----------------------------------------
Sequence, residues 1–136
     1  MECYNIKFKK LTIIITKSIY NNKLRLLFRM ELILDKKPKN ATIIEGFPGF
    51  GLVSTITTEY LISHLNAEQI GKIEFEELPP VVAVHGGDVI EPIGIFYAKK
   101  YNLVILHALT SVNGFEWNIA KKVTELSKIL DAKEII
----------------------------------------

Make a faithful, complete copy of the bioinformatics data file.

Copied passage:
Sequence, residues 1–136
     1  MECYNIKFKK LTIIITKSIY NNKLRLLFRM ELILDKKPKN ATIIEGFPGF
    51  GLVSTITTEY LISHLNAEQI GKIEFEELPP VVAVHGGDVI EPIGIFYAKK
   101  YNLVILHALT SVNGFEWNIA KKVTELSKIL DAKEII